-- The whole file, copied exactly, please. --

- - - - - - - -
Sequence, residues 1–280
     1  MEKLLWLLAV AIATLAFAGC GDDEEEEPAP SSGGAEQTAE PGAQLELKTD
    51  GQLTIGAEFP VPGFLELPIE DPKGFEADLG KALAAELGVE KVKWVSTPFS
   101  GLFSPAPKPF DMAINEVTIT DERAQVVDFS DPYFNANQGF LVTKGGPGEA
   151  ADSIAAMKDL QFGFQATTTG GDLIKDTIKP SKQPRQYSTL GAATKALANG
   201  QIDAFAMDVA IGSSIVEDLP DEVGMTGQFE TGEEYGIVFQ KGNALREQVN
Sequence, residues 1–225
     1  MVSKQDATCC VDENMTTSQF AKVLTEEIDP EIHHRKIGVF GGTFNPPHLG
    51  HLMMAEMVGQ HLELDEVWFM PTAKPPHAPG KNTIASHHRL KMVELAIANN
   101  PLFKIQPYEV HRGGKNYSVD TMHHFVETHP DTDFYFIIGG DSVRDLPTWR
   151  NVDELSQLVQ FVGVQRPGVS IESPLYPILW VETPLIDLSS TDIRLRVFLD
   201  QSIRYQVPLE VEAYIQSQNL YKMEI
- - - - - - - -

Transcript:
Sequence, residues 1–280
     1  MEKLLWLLAV AIATLAFAGC GDDEEEEPAP SSGGAEQTAE PGAQLELKTD
    51  GQLTIGAEFP VPGFLELPIE DPKGFEADLG KALAAELGVE KVKWVSTPFS
   101  GLFSPAPKPF DMAINEVTIT DERAQVVDFS DPYFNANQGF LVTKGGPGEA
   151  ADSIAAMKDL QFGFQATTTG GDLIKDTIKP SKQPRQYSTL GAATKALANG
   201  QIDAFAMDVA IGSSIVEDLP DEVGMTGQFE TGEEYGIVFQ KGNALREQVN
Sequence, residues 1–225
     1  MVSKQDATCC VDENMTTSQF AKVLTEEIDP EIHHRKIGVF GGTFNPPHLG
    51  HLMMAEMVGQ HLELDEVWFM PTAKPPHAPG KNTIASHHRL KMVELAIANN
   101  PLFKIQPYEV HRGGKNYSVD TMHHFVETHP DTDFYFIIGG DSVRDLPTWR
   151  NVDELSQLVQ FVGVQRPGVS IESPLYPILW VETPLIDLSS TDIRLRVFLD
   201  QSIRYQVPLE VEAYIQSQNL YKMEI